Spatial population genetic structure reveals strong natal site fidelity in Echinocladius martini (Diptera: Chironomidae) in northeast Queensland, Australia

Krosch, M. N., Baker, A. M., Mather, P. B. and Cranston, P. S. (2011) Spatial population genetic structure reveals strong natal site fidelity in Echinocladius martini (Diptera: Chironomidae) in northeast Queensland, Australia. Freshwater Biology, 56 7: 1328-1341. doi:10.1111/j.1365-2427.2010.02571.x


Author Krosch, M. N.
Baker, A. M.
Mather, P. B.
Cranston, P. S.
Title Spatial population genetic structure reveals strong natal site fidelity in Echinocladius martini (Diptera: Chironomidae) in northeast Queensland, Australia
Formatted title
Spatial population genetic structure reveals strong natal site fidelity in Echinocladius martini (Diptera: Chironomidae) in northeast Queensland, Australia
Journal name Freshwater Biology   Check publisher's open access policy
ISSN 0046-5070
1365-2427
Publication date 2011-07-01
Sub-type Article (original research)
DOI 10.1111/j.1365-2427.2010.02571.x
Volume 56
Issue 7
Start page 1328
End page 1341
Total pages 14
Place of publication Chichester, West Sussex, United Kingdom
Publisher Wiley-Blackwell
Language eng
Abstract A diverse array of patterns has been reported regarding the spatial extent of population genetic structure and effective dispersal in freshwater macroinvertebrates. In river systems, the movements of many taxa can be restricted to varying degrees by the natural stream channel hierarchy. In this study, we sampled populations of the non-biting freshwater midge Echinocladius martini in the Paluma bioregion of tropical northeast Queensland to investigate fine scale patterns of within- and among-stream dispersal and gene flow within a purported historical refuge. We amplified a 639-bp fragment of mitochondrial cytochrome c oxidase subunit I and analysed genetic structure using pairwise Φ ST, hierarchical amova, Mantel tests and a parsimony network. Genetic variation was partitioned among stream sections, using Streamtree, to investigate the effect of potential instream dispersal barriers. The data revealed strong natal site fidelity and significant differentiation among neighbouring, geographically proximate streams. We found evidence for only episodic adult flight among sites on separate stream reaches. Overall, however, our data suggested that both larval and adult dispersal was largely limited to within a stream channel. This may arise from a combination of the high density of riparian vegetation physically restricting dispersal and from the joint effects of habitat stability and large population sizes. Together these latter may make it more likely that upstream populations will persist, even in the absence of regular compensatory upstream flight, and will thus reduce the adaptive value of dispersal among streams. Taken together, these data suggest that dispersal of E. martini is highly restricted, to the scale of only a few kilometres, and hence occurs predominantly within the natal stream.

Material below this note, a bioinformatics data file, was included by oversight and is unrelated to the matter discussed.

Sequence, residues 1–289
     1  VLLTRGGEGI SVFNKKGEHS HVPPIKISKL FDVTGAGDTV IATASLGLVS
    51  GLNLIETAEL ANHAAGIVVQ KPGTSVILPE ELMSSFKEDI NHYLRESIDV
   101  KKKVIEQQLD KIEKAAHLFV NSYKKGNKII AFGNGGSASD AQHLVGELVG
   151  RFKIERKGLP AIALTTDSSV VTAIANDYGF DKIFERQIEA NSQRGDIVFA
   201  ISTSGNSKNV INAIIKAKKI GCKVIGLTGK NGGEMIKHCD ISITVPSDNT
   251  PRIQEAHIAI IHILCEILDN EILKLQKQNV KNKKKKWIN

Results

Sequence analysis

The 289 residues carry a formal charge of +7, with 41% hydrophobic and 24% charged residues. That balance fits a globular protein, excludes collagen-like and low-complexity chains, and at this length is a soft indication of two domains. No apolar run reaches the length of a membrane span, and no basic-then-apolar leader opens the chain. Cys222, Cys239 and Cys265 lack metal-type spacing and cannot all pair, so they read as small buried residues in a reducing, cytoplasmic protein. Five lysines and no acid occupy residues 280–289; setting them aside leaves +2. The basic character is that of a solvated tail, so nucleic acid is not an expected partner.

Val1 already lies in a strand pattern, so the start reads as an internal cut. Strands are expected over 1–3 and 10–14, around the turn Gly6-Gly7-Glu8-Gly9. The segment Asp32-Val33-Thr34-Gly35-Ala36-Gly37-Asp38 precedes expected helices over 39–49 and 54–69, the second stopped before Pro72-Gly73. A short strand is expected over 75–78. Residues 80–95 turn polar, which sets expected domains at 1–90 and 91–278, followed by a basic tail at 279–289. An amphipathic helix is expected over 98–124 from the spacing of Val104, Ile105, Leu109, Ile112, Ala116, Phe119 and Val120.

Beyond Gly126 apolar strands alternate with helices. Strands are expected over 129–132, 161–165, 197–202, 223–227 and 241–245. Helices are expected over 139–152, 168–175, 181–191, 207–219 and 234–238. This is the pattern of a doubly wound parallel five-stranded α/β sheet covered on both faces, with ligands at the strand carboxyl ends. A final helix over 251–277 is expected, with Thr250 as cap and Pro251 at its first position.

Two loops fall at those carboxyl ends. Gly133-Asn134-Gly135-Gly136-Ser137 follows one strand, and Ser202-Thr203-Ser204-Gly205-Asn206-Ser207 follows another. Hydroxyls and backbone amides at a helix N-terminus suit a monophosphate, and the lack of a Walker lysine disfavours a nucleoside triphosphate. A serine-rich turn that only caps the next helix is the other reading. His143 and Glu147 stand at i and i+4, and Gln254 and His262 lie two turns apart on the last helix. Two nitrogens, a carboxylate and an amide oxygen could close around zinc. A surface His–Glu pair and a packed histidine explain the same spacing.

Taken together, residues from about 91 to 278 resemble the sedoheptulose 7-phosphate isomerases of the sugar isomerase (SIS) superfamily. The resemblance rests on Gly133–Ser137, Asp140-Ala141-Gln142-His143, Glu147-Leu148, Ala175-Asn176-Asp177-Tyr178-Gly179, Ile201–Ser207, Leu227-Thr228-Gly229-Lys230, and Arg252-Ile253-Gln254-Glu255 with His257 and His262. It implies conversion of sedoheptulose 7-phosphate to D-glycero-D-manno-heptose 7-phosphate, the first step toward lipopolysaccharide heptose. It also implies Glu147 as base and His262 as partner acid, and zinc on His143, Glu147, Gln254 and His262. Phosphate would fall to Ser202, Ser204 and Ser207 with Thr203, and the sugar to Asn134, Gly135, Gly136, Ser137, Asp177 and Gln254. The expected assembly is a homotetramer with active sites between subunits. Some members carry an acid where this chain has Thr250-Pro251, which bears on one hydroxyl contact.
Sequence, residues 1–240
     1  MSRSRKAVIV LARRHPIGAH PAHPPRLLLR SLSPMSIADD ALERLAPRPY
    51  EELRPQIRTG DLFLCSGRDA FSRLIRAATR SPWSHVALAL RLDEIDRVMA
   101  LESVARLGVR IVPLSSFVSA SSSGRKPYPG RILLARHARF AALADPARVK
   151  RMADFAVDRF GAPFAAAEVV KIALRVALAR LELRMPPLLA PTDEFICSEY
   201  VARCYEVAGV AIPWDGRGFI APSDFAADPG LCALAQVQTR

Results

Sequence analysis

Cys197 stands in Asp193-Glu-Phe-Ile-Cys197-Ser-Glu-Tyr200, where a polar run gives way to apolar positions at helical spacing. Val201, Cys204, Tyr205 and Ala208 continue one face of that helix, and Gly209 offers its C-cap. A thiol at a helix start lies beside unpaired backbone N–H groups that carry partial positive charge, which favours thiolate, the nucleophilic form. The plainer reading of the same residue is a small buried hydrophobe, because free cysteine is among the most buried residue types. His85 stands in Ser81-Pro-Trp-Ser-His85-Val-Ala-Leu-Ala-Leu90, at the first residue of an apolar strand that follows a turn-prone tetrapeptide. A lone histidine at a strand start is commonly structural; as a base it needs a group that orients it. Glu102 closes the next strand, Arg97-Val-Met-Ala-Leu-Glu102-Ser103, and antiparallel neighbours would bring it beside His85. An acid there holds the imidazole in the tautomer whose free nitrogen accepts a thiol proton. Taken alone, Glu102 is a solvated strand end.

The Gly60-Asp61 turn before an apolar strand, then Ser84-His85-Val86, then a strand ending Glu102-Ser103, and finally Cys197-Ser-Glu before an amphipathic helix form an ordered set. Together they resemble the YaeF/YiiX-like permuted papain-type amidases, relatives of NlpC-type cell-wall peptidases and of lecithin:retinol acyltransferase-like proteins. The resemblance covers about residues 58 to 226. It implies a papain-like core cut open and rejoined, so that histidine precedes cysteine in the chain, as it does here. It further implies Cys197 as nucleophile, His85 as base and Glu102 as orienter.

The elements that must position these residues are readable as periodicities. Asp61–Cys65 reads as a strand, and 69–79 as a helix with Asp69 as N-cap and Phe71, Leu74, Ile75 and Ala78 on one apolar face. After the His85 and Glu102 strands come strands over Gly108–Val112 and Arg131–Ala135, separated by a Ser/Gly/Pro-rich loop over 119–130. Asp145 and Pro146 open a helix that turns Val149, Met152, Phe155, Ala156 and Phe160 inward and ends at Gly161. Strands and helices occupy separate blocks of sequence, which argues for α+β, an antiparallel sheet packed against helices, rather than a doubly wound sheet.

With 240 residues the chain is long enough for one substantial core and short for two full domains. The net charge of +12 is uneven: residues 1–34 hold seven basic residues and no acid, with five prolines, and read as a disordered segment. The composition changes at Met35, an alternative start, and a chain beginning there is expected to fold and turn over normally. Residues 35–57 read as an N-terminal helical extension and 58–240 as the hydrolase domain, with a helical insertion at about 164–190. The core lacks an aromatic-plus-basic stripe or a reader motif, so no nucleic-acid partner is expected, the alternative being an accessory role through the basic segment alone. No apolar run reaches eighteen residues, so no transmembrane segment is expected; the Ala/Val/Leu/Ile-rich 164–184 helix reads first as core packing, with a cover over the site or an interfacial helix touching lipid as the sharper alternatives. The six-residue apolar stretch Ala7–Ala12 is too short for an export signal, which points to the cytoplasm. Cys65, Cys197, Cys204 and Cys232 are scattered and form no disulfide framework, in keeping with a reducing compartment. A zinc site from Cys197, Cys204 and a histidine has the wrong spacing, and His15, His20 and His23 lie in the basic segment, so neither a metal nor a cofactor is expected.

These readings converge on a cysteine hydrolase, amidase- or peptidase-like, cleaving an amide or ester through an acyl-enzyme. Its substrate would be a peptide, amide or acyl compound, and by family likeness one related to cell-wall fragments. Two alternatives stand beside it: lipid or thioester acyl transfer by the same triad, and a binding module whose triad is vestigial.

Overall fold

Keyword Dispersal
Downstream drift
Freshwater
Lotic
Q-Index Code C1
Q-Index Status Provisional Code
Institutional Status Non-UQ

Document type: Journal Article
Sub-type: Article (original research)
Collection: Centre for Water in the Minerals Industry
 
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Created: Sat, 26 Oct 2013, 01:44:11 EST by Matthew Krosch on behalf of Centre for Water in the Minerals Industry